Anne Belec, 43
President and CEO, Volvo Cars of North America Inc.
Education: Bachelor of commerce and marketing and bachelor of business administration, University of Ottawa; M.B.A., Duke University
What your college professors didn't teach you: "The people relationships: how to motivate people, how to deal with sensitive situations. Those people skills distinguish great leaders from great managers."
First automotive job: Correcting dealer orders at Ford of Canada's Oakville, Ontario, assembly plant in 1985
- 2003-04 Vice president, sales operations, Volvo Car Corp., Sweden
- 2002-03 Director, North American sales planning and distribution, Ford Motor Co.
- 2001-02 General marketing manager, Lincoln Mercury
- 1999-2001 Network and business development manager, Lincoln Mercury
- 1997-99 Portfolio brand strategy manager, Ford Division
- 1994-97 Worldwide marketing plans manager, large-car product development, Ford Division
- 1993-94 Marketing plans manager, specialty cars, Ford Division
- 2000-02 Vice president, industrial sector sales, Americas
Most fun automotive job: "Portfolio brand strategy. We had the responsibility to make sure we could define all of our primary brands. I also spent a lot of time with product development to define our nameplate brand strategies."
Proudest achievement: "As director of network development for Lincoln Mercury, we turned around customer satisfaction and established the Lincoln brand, especially with the visual elements at retail. That still benefits me today in my role at Volvo. It allows me to see how to work with the dealer network to achieve common goals with the company."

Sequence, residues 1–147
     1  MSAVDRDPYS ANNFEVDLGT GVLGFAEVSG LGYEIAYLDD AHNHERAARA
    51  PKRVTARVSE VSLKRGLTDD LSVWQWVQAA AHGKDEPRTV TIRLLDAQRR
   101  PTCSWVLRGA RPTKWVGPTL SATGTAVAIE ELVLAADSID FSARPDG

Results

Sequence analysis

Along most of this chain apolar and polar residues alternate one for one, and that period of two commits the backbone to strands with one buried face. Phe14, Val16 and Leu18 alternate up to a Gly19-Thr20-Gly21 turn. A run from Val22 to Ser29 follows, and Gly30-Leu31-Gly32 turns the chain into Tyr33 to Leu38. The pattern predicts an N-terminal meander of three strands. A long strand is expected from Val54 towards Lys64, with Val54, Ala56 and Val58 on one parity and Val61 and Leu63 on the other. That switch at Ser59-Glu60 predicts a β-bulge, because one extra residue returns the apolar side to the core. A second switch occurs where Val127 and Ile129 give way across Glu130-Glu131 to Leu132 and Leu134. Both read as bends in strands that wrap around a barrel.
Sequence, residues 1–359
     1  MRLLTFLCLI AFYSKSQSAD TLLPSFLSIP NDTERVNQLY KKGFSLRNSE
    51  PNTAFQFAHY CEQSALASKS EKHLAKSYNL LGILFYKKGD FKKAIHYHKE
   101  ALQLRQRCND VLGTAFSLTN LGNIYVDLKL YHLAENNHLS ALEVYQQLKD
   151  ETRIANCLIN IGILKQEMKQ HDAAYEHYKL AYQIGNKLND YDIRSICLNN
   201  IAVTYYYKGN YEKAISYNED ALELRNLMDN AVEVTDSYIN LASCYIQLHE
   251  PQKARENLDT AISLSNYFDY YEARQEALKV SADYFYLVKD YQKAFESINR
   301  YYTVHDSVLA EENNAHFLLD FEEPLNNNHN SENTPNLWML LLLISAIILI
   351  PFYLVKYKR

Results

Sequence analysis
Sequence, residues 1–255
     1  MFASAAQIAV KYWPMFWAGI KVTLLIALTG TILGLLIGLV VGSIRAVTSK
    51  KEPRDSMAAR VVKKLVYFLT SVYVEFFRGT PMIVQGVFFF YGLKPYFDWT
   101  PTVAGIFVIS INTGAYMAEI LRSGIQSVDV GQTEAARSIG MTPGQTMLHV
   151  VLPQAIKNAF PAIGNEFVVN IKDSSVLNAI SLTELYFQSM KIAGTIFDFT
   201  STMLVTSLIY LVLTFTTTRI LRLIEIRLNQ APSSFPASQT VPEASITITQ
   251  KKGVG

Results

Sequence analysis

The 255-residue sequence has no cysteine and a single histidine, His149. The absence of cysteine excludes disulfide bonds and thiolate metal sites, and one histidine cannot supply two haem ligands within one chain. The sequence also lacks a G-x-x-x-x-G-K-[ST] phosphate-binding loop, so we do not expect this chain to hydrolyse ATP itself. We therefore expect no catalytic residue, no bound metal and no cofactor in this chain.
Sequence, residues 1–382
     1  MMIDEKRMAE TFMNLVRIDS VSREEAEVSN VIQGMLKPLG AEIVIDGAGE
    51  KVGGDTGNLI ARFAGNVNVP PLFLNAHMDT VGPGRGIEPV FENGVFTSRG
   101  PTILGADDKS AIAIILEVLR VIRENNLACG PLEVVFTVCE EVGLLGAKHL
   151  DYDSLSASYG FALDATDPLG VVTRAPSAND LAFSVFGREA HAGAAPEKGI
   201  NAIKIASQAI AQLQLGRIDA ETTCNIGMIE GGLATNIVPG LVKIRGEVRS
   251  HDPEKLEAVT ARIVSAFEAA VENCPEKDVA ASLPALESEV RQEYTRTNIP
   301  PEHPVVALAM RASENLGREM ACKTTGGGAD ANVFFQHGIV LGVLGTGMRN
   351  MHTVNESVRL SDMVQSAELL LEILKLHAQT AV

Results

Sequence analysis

Current challenge: "The most immediate challenge is in learning everything about this business. It takes several months before you have an in-depth understanding about how this particular unit runs. There are day-to-day challenges of juggling so many things and priorities at the same time - getting the organization, retailers, agencies and suppliers working toward the same goals."
On being successful: "Integrity, first and foremost. You have to get people to trust you. Consistency of behavior, values and beliefs."
What about the auto industry surprised you: "One of the stereotypes is that you have to be a techno or gearhead to be in the car business. Obviously, you have to have an interest in the product. But so much more of this business is about people's relationships to their vehicles, as opposed to the technical aspect behind it. People fall in love with their cars."
What women need to know for success in the auto industry: "Everything is possible. There is no need to emulate your male counterparts. Be yourself. Be confident in what you know. Don't try to be something you are not. You have to be able and willing to move around quite a bit. Dual-career families make that difficult."
Job to which you aspire: "I think I found it. This is probably as good as it gets, leading an organization with sufficient scale to be able to influence decisions, to have an impact on product and what we do in this market. It combines all the experiences I have acquired in the last 20 years of my career."
What you do to relax: "I like to hike, usually with my golden retriever; cook, read, go to the spa."